How To Calculate Air Compressor CFM to kW

People have been asking how to calculate air compressor CFM to KW and we want to help tackle the question. But first and foremost, its essential to understand that CFM and KW are not directly convertible metrics.

CFM refers to Cubic Feet per Minute, which measures the volume of air that is coming out of an air compressor each minute. kW, on the other hand, represents kilowatts or the amount of energy required to power an air compressor.

Comparing CFM to kW is like comparing apples and oranges. But we can take that analogy one step further: where apples and oranges are still related because they are both fruit, CFM and kW are related because they both influence an air compressor’s capabilities.

How To Convert kW To CFM For Air Compressors

According to Air Compressor Guide, you can produce 5-7 CFM of air for every kW produced in industrial air compressor systems. When this is the case, a simple conversion table would look like this:

Power Output (kW)CFM Output
523 - 35
1050 - 70
25125 - 175
50250 - 350
100500 - 700
2501,250 - 1,750

However, this general rule doesn’t hold true when it comes to mobile, rotary screw air compressors. Mobile systems tend to innovate on compact sizes and lightweight equipment—neither of which are as much of a concern with industrial systems. Because mobile air compressors are complex systems with high performing components, they can require more power.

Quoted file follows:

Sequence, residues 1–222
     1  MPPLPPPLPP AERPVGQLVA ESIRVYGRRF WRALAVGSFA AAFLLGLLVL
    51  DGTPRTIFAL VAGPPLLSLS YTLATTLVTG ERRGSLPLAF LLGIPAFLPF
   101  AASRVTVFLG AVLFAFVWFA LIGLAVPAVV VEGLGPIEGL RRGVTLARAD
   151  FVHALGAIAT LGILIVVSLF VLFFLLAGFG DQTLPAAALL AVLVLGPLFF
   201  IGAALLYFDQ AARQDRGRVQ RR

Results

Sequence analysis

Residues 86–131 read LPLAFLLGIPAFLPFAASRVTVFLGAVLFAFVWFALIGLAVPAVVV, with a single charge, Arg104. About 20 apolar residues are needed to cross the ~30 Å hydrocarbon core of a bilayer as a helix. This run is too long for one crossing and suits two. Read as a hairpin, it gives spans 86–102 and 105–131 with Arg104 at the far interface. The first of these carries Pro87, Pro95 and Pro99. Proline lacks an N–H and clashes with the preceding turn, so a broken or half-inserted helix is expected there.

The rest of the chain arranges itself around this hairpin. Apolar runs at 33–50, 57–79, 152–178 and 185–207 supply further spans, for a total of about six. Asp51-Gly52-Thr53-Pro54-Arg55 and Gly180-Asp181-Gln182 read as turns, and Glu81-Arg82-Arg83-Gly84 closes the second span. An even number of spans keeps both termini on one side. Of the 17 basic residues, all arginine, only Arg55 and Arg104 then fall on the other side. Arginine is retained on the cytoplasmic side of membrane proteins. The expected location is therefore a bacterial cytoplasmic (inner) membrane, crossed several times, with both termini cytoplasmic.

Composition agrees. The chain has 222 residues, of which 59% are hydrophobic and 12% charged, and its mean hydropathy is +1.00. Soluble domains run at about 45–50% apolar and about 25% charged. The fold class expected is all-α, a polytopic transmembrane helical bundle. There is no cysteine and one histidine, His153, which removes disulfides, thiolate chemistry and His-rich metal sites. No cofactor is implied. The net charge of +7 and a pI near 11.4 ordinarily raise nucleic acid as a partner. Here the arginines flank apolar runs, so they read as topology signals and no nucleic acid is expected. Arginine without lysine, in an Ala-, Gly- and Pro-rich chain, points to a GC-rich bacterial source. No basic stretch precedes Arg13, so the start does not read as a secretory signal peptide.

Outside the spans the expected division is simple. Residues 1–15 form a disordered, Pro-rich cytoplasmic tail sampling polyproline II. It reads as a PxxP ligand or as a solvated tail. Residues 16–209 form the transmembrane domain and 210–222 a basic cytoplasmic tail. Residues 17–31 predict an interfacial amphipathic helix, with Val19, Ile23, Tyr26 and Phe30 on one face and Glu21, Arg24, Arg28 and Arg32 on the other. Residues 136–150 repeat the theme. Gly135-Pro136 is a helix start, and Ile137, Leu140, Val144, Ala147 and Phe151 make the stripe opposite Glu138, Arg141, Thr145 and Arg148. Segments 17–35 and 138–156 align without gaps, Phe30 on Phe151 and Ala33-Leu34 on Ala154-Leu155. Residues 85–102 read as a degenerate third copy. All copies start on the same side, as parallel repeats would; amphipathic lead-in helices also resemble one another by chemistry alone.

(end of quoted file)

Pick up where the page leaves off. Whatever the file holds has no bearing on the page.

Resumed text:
Let’s take a quick look at two of VMAC’s rotary screw products:

ProductEnginePower OutputCFM Output
G30 Gas DriveHonda GX3908.7 kW @ 3,600 rpm30 CFM
D60 Diesel DriveKubota Diesel D90215.2 kW @ 3,600 rpm60 CFM

As you can see, these VMAC systems produce 3-4 CFM per kW produced, rather than the 5-7 CFM delivered in industrial systems.

Outputs are similar when looking at one of VMAC’s direct competitors. Their gas driven rotary screw air compressor uses a Kohler 26.5 HP engine and requires 19.75 kW of power to produce 60-80 CFM. This works out to the same 3-4 CFM per kW output as the VMAC systems.

Keep in mind that the Honda, Kubota and Kohler engines in the examples above are likely capable of producing higher CFM outputs under the right circumstances, but real-world designs put these systems in the 3-4 CFM per kW range. Therefore, a truer estimate of kW to CFM (and vice versa) for mobile, rotary screw air compressor applications is 3-4 CFM per 1 kW.